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← Does Religion = Superstition? G-D Forbid!

Aguazul's Avatar Jump to comment 20 by Aguazul

@RobW, regarding morality. I don't know much about theoretical discussions, but tracing back the influences on myself, I find that the religious stories told in my childhood were designed to give examples of good and bad, right and wrong, and listening I found myself agreeing and disagreeing, so they were an influence. Actually, I think this is probably the main focus of CofE religious education for younger children in the UK -- rather than the child brainwashing and manipulation that some mention from the US. Also there are some common cultural ideas derived from religion in the UK (or Scotland at least) such as: Salvation through hard work, showing off is being big-headed, suffering is beneficial, whatever. So we should all be living in spartan white cells flogging ourselves daily: No fun for us!

To me morality is a set of rules partly designed so that a society functions well, and partly designed to guide an individual towards activities that suit the designs of whoever created the moral code. Maybe that is to be more spiritual, or maybe to be more productive, or whatever. In any case, to me morals are designed, and then taught. I don't see how they can be derived from empathy. Empathy is a feeling not a set of rules. Part of the journey is breaking and remaking parts of our inherited moral code.

Travelling reveals how the basic underlying morals change from place to place, revealed in what results people expect from different actions. Thinking about here in Peru, the old Inca commandments were: Don't lie, Don't steal, Don't be lazy (I think only the third one is still in force). Whereas we might use anger and threats if we weren't getting our way in a negotiation, a country Peruvian would softly explain in detail their whole sorry situation. I guess this might be based on an cultural expectation of empathy -- but it would never fly in the UK.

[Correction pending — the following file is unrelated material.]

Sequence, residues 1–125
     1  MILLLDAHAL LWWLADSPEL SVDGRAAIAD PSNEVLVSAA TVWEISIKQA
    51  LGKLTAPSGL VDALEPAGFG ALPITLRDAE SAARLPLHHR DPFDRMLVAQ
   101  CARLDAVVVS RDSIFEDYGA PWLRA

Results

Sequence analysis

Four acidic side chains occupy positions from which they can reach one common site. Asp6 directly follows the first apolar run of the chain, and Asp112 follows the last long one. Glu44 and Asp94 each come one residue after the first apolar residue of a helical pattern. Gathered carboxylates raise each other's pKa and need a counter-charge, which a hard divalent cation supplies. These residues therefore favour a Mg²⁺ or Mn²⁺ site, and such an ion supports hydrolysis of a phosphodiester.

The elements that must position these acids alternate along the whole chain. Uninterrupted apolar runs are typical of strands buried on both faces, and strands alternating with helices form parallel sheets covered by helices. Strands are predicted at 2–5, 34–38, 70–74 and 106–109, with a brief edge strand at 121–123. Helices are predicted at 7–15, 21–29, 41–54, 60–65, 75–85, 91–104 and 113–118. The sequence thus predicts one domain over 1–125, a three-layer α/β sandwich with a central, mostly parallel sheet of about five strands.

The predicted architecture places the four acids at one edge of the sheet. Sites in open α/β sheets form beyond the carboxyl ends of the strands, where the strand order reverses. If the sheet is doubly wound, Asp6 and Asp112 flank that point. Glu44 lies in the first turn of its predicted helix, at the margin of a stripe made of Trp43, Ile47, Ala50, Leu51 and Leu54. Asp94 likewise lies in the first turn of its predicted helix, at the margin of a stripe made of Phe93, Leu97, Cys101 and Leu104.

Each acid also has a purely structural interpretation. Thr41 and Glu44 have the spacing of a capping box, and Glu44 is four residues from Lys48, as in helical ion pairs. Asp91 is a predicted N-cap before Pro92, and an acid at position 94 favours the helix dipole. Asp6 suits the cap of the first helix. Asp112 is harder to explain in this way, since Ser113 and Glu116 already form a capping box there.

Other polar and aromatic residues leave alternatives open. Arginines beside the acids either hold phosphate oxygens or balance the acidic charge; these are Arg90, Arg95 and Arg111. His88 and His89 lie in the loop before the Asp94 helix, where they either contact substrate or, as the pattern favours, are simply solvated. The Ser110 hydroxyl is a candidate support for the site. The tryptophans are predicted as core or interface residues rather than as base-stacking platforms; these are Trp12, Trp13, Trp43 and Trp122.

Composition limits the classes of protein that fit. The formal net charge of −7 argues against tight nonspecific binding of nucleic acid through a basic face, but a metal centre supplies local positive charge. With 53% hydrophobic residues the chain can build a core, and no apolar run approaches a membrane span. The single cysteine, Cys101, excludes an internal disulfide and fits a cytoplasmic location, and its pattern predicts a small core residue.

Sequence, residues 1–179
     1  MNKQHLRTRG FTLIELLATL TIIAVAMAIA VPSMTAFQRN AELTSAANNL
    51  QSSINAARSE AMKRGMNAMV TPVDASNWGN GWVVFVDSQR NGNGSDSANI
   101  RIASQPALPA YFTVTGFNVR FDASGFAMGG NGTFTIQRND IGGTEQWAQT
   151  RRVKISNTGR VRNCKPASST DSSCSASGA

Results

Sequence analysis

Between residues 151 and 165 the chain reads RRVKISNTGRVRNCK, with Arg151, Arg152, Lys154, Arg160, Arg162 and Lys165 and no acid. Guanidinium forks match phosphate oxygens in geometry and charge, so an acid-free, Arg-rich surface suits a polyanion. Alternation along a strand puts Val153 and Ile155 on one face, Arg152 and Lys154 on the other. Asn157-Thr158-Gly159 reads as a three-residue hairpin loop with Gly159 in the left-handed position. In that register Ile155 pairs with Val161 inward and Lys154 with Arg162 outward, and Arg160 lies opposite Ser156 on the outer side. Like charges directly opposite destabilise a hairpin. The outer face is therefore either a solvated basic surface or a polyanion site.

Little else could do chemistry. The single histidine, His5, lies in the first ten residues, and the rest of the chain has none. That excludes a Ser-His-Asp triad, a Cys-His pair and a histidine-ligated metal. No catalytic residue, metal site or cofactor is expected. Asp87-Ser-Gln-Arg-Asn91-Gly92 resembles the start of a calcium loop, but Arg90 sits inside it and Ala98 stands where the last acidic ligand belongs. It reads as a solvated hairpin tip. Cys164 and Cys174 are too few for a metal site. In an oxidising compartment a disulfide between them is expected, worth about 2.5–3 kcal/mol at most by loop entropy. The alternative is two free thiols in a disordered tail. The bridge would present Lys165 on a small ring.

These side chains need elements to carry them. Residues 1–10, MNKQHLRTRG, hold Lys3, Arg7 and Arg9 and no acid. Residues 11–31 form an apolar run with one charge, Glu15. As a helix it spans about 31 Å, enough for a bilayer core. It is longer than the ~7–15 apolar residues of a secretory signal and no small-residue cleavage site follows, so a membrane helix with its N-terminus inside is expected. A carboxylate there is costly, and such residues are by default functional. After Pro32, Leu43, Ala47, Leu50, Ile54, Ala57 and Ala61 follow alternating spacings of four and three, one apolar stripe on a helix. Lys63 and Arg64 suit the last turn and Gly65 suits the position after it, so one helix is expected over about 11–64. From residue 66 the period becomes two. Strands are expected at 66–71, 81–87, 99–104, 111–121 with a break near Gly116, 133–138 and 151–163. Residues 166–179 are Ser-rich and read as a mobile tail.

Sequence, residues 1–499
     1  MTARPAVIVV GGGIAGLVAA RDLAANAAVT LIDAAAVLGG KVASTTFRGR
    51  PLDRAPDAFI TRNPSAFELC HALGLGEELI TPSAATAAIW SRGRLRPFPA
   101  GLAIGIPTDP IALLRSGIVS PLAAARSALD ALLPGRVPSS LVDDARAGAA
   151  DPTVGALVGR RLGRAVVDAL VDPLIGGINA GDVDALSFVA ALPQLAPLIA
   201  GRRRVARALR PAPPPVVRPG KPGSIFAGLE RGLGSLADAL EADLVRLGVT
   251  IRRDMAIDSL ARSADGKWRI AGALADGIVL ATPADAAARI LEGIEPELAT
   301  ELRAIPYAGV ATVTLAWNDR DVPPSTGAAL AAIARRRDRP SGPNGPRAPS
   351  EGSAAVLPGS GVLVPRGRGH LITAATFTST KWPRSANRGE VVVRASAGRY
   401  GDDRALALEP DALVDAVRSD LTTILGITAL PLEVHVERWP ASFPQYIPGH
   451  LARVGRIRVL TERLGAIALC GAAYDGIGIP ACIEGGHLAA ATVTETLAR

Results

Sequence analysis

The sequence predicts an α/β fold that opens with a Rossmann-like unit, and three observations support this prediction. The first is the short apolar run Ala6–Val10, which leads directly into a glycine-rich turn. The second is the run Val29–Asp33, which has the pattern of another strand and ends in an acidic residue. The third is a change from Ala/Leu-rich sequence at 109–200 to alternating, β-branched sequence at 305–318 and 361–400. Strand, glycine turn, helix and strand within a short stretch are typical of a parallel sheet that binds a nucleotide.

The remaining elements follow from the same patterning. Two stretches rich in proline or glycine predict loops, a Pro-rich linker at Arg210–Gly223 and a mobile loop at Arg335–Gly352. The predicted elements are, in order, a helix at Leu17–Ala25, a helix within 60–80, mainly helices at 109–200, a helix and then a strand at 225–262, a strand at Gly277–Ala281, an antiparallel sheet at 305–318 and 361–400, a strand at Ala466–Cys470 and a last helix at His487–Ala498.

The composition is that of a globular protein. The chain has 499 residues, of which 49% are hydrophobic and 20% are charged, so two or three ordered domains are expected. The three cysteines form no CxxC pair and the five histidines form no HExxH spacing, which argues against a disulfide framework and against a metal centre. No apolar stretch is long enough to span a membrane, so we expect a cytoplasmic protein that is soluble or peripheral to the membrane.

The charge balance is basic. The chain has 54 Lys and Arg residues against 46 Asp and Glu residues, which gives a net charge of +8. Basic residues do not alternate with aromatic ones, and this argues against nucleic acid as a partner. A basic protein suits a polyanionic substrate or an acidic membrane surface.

To your point about finally accepting that you were a Jew -- I can find a similar experience when I understood that I have Scottish roots (which I didn't know for much of my life). Suddenly a lot of things made sense. I had inherited a lot of Scottish baggage without knowing it, which had influenced my life in many ways (good and bad). Looking back it all started fitting together. So I need to look to Scottish culture and history to understand myself better: seafaring, clan warfare, Scottish Christianity, and so on. Now I've identified it, there are things I don't like about having inherited all this stuff, but what am I going to do? It is part of me. What I dislike, I have to resolve inside myself, and denying it isn't going to work. There are positive things to call on too, though.

To me the feeling of Jewishness is really complex and convoluted, and quite subtle and semi-contradictory as well. I'm not sure I'd like to live with it, but you don't seem to be asking to be saved from it. What are you saying? "Here I am, I've fallen back into my underlying Jewish cultural patterns and they feel just like a comfortable old pair of slippers, does this push any buttons for anyone?" The point about religion being the practice of rituals rather than the believing of notions was interesting though. Rituals are very powerful -- the feeling of singing in the school Chapel choir for packed Christmas services is etched forever in my memory. It doesn't make me a Christian, though -- or would you say that it does?

Thu, 16 Aug 2012 22:48:17 UTC | #950907